"Therefore, even assuming the existence of a technical jurisdiction over the subject matter, the minor child, there are at least two other jurisdictions which have a more intimate connection with the status of the child and a more substantial interest in the adjudication of his custody, and that at least one of these will be relatively certain, as a practical matter, to have the ability to enforce whatever judgment is rendered.

"Therefore, the action for custody should be dismissed on the ground of forum non conveniens.

* * * * *

"With respect to the remaining claim for relief on the part of the plaintiff-wife, namely, maintenance for herself, there is no doubt that there is a technical jurisdiction here over the matter. However, there is no compelling policy reason why the courts of the District of Columbia should be burdened by such litigation as this involving parties who have but a slight nexus with the community."

[3] North Branch Products, Inc. v. Fisher, 109 U.S.App.D.C. 182, 284 F.2d 611 (1960), cert. denied, 365 U.S. 827, 81 S. Ct. 713, 5 L. Ed. 2d 705 (1961); Menendez Rodriguez v. Pan American Life Insurance Co., 311 F.2d 429 (5th Cir. 1962).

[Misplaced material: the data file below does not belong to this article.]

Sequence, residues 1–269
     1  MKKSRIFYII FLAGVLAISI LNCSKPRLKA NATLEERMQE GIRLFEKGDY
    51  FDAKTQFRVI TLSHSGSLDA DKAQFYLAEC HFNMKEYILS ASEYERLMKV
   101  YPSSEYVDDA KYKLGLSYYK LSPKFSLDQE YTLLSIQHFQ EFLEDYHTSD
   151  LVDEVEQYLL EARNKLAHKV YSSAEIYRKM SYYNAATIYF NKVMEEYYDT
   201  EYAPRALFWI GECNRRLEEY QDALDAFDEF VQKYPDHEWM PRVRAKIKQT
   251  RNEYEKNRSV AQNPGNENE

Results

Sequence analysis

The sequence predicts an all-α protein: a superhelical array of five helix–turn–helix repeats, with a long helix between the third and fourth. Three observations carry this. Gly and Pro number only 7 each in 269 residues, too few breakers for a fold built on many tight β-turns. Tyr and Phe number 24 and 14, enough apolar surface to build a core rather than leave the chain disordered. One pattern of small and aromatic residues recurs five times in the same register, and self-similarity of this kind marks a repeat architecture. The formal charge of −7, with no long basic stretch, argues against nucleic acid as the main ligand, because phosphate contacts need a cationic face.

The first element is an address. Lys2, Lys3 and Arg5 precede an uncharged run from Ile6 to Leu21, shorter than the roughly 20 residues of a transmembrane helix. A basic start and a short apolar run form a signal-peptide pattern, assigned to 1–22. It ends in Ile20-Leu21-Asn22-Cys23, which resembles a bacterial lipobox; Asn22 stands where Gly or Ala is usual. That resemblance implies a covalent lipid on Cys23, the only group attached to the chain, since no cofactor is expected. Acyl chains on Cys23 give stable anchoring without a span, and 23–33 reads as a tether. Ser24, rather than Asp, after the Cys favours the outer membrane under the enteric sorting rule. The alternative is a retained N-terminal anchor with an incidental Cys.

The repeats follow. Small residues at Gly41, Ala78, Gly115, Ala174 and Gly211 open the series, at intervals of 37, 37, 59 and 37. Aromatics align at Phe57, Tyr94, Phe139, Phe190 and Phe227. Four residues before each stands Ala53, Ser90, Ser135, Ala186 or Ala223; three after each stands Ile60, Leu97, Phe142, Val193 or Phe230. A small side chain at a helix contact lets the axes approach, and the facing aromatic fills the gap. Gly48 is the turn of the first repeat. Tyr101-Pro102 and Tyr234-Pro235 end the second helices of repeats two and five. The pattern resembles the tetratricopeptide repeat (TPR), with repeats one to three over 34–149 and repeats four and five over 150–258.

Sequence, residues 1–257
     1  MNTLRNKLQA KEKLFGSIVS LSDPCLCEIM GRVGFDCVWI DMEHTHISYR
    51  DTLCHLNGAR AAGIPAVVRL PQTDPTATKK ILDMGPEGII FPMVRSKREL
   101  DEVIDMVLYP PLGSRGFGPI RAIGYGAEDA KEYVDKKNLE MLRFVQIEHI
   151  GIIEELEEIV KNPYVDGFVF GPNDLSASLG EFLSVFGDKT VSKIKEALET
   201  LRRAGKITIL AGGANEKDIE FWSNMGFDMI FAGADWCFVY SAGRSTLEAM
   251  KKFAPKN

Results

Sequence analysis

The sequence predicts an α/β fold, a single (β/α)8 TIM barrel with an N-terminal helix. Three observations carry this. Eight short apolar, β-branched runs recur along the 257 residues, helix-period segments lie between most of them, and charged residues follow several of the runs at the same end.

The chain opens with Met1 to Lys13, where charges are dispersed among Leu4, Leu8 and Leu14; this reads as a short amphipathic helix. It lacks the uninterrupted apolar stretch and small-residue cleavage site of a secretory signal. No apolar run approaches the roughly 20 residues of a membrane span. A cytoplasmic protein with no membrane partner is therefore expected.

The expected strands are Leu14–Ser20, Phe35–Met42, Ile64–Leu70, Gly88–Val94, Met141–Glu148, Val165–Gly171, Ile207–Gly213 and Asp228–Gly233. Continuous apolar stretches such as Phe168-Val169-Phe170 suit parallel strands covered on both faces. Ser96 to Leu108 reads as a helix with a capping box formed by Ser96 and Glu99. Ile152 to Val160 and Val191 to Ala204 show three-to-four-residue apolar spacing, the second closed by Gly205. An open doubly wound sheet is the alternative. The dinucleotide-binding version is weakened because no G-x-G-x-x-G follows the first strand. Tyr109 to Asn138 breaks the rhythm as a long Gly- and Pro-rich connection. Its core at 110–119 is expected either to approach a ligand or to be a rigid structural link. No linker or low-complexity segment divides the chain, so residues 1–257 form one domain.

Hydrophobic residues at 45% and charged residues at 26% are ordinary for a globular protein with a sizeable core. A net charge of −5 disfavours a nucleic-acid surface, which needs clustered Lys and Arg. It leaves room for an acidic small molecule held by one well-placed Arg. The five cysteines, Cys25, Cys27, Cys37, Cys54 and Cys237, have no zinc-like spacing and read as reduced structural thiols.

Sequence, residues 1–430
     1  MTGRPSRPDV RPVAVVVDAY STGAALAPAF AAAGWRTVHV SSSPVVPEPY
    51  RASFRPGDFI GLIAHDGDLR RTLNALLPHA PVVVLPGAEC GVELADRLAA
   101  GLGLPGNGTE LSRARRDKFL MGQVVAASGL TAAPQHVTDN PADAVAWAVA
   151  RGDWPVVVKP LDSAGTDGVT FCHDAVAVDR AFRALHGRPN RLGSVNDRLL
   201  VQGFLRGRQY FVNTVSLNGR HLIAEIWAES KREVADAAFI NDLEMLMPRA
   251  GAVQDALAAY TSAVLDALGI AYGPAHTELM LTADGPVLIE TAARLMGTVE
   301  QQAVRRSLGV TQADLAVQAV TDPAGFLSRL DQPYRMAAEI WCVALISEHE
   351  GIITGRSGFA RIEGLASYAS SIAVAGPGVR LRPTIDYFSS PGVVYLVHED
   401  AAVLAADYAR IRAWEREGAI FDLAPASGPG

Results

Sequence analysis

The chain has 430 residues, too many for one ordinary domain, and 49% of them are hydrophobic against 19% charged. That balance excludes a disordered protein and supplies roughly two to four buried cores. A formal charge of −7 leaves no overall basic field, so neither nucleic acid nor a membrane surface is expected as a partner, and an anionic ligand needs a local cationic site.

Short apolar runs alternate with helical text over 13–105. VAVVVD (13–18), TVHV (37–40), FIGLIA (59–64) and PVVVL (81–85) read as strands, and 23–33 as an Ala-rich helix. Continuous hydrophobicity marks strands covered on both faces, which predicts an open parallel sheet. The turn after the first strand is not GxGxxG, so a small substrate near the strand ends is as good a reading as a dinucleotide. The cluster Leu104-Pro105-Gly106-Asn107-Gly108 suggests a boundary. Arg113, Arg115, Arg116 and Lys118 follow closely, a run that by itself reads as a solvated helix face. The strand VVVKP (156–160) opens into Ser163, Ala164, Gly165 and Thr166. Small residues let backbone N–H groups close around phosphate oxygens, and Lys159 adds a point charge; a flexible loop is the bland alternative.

[4] See Motor Distributors Limited v. Olaf Pedersen's Rederi A/S, 239 F.2d 463, 465 (5th Cir. 1956), cert. denied, 353 U.S. 938, 77 S. Ct. 816, 1 L. Ed. 2d 760 (1957).

[5] For another comparable situation see Menendez Rodriguez v. Pan American Life Insurance Co., supra, note 3, where the court said: "Indeed, we think it appropriate to note that should this defendant prevail on this dismissal, there is no assurance that a whole new round of jurisdictional jousting would not be open to invitation." 311 F.2d at 433.

[6] See also, North Branch Products, Inc. v. Fisher, supra, note 3.

[7] See Restatement (Second), Conflict of Laws ยง 117e, comment e (Tentative Draft No. 4, 1957).

[8] See text accompanying note 4, supra.

[9] Cf. North Branch Products, Inc. v. Fisher, supra, note 3; Nee v. Dillon, 99 U.S. App.D.C. 332, 239 F.2d 953 (1956).

[10] See Blair, The Doctrine of Forum Non Conveniens in Anglo-American Law, 29 Col.L.Rev. 1, 3 (1929).

[11] Burdick v. Freeman, 120 N.Y. 420, 24 N.E. 949 (1890).

[12] Fifth & Walnut v. Loew's, Inc., 76 F. Supp. 64, 67 (S.D.N.Y.1948).